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Handing over a project
Everyone in the industry knows how critical it is to hand over a project to a new team or company, so it's good to make this process as painless as possible. In this aspect, Django definitely wins: applications in this framework are not only easier to hand over during the process, but are also more convenient to scale after the application is ready.
This is also where the dark side of Flask's flexibility manifests itself, as it will be harder for a new person to take up the thread and custom creative process of a previous developer. In Django, this problem doesn't exist because the assumptions we want to achieve are known from the very beginning, and working in a closed, monolithic system is much more consistent and universal, so it's easier for a new team to take up the broken process and develop the finished product.
Flexibility and control
If you want full control over the applied solutions, Flask is much better. This is a nice framework for experienced, creative developers who like to reach for non-standard ideas and do not want to be limited by an imposed style of work. In this framework, you can implement everything exactly the way you want. Simplicity and minimalism, and at the same time the lack of restrictions make flexibility the greatest strength of Flask.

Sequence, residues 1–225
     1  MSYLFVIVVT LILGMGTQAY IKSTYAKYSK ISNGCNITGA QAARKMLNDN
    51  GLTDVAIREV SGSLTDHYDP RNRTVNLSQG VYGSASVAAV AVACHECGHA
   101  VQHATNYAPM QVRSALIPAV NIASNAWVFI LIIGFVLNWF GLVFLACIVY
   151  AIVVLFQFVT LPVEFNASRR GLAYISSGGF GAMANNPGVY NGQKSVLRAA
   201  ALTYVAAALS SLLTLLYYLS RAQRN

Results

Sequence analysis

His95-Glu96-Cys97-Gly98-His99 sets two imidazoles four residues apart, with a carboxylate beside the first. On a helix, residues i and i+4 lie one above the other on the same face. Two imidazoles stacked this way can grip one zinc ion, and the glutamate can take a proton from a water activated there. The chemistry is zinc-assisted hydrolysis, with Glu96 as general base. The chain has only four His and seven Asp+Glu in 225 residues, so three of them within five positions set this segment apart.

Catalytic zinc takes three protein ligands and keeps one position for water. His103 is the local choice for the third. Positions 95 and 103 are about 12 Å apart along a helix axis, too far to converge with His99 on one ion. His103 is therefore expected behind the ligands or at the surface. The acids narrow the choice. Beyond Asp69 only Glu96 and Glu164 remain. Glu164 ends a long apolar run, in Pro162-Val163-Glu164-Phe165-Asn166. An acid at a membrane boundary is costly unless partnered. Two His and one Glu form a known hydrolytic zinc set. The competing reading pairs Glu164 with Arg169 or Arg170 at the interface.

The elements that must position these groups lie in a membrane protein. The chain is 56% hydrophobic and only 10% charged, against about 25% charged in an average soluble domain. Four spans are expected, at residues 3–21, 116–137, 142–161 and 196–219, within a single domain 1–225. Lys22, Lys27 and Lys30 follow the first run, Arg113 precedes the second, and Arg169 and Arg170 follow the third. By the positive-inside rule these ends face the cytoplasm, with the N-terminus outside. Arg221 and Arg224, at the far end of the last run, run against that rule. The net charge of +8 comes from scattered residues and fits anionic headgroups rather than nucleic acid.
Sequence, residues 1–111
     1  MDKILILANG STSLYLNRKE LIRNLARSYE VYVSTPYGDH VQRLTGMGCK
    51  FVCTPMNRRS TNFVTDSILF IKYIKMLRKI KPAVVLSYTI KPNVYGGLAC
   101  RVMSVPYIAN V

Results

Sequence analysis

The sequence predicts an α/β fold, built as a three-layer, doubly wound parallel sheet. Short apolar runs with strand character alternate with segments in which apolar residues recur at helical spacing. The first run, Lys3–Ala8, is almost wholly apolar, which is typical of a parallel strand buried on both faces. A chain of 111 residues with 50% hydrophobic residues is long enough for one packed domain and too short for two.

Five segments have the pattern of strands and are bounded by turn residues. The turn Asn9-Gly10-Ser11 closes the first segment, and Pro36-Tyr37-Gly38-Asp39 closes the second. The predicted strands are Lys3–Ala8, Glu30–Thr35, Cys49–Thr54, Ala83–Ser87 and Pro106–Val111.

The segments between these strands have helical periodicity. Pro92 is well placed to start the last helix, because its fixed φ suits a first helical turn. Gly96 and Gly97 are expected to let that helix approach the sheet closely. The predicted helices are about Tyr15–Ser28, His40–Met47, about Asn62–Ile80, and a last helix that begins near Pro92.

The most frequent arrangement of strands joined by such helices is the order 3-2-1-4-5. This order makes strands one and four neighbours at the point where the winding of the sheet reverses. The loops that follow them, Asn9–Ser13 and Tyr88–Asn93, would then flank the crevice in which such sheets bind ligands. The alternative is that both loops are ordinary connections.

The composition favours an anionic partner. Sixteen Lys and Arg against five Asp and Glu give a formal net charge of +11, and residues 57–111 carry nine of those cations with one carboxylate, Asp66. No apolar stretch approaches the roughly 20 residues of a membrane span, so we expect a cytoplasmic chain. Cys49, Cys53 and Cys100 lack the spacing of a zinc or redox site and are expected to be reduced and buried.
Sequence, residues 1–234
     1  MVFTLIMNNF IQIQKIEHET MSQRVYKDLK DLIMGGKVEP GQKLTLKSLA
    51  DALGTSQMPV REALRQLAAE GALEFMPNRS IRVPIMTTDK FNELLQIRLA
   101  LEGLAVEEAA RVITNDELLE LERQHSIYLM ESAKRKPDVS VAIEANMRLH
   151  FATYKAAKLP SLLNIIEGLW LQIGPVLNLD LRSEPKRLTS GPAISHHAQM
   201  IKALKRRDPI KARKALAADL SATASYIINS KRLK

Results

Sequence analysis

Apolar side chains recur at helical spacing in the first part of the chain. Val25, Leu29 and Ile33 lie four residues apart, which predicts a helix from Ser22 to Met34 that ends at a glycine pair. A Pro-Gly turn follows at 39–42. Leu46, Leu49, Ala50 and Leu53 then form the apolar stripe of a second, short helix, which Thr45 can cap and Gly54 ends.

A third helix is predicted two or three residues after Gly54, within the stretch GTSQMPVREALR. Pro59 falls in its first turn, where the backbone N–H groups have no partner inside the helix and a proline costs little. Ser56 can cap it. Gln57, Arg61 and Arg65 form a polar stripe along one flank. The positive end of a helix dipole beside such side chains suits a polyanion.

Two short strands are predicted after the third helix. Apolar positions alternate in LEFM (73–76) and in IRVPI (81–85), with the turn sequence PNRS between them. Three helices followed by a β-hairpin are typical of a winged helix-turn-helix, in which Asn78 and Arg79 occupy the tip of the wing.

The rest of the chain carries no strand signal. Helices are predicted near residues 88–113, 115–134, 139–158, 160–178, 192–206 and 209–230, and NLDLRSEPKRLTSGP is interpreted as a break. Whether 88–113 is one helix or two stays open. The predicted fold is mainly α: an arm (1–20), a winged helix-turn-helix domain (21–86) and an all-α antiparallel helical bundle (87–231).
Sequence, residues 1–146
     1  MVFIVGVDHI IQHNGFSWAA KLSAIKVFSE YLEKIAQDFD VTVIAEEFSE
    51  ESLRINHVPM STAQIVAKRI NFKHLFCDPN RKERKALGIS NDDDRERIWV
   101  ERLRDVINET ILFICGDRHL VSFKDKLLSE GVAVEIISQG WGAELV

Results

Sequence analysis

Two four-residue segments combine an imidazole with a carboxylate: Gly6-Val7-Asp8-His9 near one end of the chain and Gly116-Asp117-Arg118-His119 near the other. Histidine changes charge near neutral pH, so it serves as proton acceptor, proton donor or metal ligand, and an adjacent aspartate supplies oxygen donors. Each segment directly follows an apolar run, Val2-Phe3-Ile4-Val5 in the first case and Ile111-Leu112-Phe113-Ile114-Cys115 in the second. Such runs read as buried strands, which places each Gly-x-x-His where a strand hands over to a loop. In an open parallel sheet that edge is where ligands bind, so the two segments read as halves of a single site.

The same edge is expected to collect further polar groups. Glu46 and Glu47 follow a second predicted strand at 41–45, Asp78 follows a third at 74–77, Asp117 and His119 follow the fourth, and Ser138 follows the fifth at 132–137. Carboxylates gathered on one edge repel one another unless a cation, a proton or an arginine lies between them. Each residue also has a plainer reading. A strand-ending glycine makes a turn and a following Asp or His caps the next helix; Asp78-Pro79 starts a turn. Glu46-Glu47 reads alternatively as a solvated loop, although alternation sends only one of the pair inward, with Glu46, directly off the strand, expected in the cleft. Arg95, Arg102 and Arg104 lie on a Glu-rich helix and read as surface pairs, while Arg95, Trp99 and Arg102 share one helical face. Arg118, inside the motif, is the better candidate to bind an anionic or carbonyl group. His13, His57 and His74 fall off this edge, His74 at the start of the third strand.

Although Django & Flask offers virtually the same security features, using third-party add-ons and external libraries poses much more risk. Each tool developed and shared by other teams means great possibilities, but also the risk of errors. If you care primarily about functional security, a consistent Django system will be a better choice.
Django is a bigger and older framework with a larger community. As such, it will be much easier to find relevant support, jobs and developers working with it. Django is much more likely to be used by large companies for typical web applications. Flask is a younger and smaller framework, but still the second largest of the Python community, and its fan base continues to grow. More independent companies with a focus on custom solutions and simpler applications may be more interested in building with Flask.